Not only did I expect signs and literature further explaining the organisms I was observing, I craved it. Yes, the bull sharks are amazing creatures, but the only information I found about the bull sharks was on the map I was given. Two sentences. I saw no sign or television explaining bull sharks aggressive and unpredictable behavior. There was no mention that these sharks were one of the three most common species of sharks to attack humans.
Additionally, one of the few explanatory signs in the facility had two typos. Unfortunately, it wasn't a big sign. Three paragraphs about coastal marches that could have been grammatically corrected with a routine spell check. Maybe that's harsh of me, but I expect a lot from an aquarium. I wouldn't have mentioned it had there been thousands of paragraphs of information provided about aquatic life, but there weren't. I would have let it slide had the photos of the organisms been clear and without blemishes, but they weren't.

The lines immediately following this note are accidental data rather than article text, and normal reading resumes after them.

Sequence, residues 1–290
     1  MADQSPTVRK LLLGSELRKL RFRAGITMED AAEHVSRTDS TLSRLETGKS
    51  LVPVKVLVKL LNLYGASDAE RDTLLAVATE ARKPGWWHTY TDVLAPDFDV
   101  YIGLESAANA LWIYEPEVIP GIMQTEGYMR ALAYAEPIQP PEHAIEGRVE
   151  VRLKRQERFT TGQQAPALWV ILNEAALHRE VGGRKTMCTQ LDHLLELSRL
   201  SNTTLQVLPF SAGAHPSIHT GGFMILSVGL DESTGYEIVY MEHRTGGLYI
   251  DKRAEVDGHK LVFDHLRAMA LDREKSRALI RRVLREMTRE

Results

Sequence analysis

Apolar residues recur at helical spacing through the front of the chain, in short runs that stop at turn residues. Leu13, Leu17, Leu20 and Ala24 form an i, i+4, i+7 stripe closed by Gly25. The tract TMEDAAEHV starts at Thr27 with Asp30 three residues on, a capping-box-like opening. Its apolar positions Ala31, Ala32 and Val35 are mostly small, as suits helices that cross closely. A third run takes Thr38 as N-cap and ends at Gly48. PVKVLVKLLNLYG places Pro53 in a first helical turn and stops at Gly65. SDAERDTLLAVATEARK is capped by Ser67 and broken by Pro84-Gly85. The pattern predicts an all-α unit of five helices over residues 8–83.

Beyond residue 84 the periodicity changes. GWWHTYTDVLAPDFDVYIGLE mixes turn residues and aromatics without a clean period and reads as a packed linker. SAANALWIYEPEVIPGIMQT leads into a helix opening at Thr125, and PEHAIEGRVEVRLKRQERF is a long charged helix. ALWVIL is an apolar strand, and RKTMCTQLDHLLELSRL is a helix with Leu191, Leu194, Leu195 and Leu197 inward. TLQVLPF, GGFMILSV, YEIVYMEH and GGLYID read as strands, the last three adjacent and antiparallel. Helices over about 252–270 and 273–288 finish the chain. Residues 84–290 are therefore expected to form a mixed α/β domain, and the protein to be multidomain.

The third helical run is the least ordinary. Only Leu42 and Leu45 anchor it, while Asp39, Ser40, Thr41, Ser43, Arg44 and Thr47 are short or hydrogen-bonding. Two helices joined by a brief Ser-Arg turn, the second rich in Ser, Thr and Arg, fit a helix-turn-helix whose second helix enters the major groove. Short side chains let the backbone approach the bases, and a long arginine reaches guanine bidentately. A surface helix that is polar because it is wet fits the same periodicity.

When I visit an educational institution, I typically hold it to a standard. That standard exceeds what I would expect from a college freshman. Especially when I pay $14 to enter. Outside of the Ozark Stream Exhibit, I found the information lackluster.
Having a balance of: "Oh, that otter was so cute and gregarious," and "The otter's fur actually traps air against the skin in order to keep it completely dry" is what an aquarium or zoo is made for. Aesthetic and physical observation mixed with probing facts gives visitors an unmatched experience. Because of this, the Oklahoma Aquarium has room to improve.
I will say I enjoyed the day at the aquarium and I would return. I'll always be like the children with their hands in the touch tank. Curious about the natural world.